CONTROL OF CELLULAR PROTEOLYSIS

Project: Research project

Project Details

Description

In this proposed study, we will test the hypothesis that the
degradation of proteins by the ubiquitin-dependent pathway requires
the intermediate formation of a unique multiubiquitin chain on a
substrate protein. In this multiubiquitin chain, the C-terminal
carboxyl group of one ubiquitin molecule is linked via an
isopeptide bond to the e-amino group of lysine 48 of an adjoining
ubiquitin molecule. Whether the degradation of a specific protein
in the in vitro reticulocyte lysate system requires such a
multiubiquitin chain intermediate can be tested initially by
replacing wild-type ubiquitin in the degradative assay with a
ubiquitin mutant, Ub-R48, in which lysine 48 was replaced by an
arginine. Further structural studies can then be made to confirm
the existence of this unique multiubiquitin chain in the
degradative intermediates. The expression of Ub-R48 in the yeast
Saccharomyces cerevisiae will also permit the testing of this
hypothesis in vivo. In order to test the function of this
multiubiquitin chain, we have also proposed to synthesize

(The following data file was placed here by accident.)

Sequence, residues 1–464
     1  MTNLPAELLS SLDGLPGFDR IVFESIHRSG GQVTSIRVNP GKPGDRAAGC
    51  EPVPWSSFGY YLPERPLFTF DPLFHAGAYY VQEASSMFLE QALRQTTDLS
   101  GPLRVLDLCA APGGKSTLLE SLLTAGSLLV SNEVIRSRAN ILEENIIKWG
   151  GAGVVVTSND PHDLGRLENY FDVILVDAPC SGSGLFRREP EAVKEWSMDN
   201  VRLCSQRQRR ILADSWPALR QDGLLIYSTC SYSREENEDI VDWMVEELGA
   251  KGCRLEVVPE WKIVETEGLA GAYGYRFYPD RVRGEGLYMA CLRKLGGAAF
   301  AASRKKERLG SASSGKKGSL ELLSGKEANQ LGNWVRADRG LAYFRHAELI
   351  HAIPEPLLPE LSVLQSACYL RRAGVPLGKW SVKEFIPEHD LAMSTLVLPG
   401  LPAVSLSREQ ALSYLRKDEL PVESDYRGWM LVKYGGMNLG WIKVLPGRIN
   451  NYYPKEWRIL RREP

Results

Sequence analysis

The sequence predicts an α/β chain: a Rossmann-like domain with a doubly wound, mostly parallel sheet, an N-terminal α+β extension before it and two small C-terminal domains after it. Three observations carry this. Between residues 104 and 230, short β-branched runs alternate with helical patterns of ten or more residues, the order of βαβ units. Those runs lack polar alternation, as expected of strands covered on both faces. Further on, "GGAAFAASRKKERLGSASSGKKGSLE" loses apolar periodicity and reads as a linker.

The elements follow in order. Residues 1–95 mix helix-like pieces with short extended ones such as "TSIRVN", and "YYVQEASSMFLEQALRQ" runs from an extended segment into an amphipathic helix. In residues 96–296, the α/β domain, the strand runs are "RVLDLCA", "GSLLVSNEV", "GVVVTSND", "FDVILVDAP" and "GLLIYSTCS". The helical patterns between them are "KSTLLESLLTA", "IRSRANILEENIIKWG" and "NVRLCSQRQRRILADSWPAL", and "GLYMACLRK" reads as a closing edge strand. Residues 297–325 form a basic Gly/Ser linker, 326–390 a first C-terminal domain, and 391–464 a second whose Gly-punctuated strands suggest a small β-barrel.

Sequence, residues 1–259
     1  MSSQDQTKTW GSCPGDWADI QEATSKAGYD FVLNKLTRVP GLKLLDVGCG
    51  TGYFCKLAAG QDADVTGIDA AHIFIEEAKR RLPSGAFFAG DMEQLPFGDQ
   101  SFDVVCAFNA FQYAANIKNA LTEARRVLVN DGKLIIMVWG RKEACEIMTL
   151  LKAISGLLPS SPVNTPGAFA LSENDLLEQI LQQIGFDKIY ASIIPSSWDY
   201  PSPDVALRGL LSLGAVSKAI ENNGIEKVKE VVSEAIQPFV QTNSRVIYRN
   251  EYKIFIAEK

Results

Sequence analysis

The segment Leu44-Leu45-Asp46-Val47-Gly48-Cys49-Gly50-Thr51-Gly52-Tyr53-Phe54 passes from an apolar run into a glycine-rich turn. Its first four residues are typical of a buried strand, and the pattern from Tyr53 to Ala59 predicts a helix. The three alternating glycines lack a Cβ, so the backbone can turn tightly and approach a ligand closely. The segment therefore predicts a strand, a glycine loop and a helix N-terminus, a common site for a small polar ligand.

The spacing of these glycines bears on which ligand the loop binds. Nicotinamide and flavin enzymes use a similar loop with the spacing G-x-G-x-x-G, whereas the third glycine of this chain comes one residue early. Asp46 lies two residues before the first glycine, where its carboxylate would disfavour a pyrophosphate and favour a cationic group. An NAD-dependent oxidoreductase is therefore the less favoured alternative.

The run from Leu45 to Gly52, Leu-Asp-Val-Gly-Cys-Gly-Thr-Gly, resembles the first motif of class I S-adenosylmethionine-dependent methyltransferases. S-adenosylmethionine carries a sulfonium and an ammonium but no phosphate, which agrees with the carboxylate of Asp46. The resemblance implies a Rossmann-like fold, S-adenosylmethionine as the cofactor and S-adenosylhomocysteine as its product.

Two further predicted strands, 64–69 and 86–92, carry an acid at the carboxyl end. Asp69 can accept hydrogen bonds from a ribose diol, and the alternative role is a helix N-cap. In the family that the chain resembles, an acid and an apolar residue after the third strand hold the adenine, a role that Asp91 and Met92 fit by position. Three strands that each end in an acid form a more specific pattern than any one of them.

chemically a sufficient amount of an analog so that we may study
its interaction with a purified protease which has been shown to
act preferentially on ubiquitinated proteins. Positive results
from these proposed studies should elucidate the mechanism by which
proteolytic targeting is achieved by the posttranslational addition
of ubiquitin to proteins.

We also propose to characterize systematically the
posttranslational addition of ubiquitin to proteins in the yeast
nucleus. These characterizations will include the identification
of nuclear ubiquitin conjugation enzymes and their substrates.
Long term objectives in this research will include the cloning of
the substrate proteins and studies of their functions by gene
deletion and mutations.

As part of our continuing effort to understand our finding of
ubiquitin in the neurofibrillary tangles of Alzheimer's brain, we
wish to determine how an insufficient level of cellular ubiquitin
may cause cell death. Because the ubiquitin system is highly
conserved among eukaryotes, relevant biochemical changes caused by
an insufficient level of ubiquitin can be determined using the
yeast Saccharomyces cerevisiae. Studies are proposed here to
characterize the biochemical changes in a yeast mutant in which the
polyubiquitin gene had been deleted.
StatusFinished
Effective start/end date12/31/896/30/93

Funding

  • National Institute of General Medical Sciences
  • National Institute of General Medical Sciences
  • National Institute of General Medical Sciences
  • National Institute of General Medical Sciences
  • National Institute of General Medical Sciences

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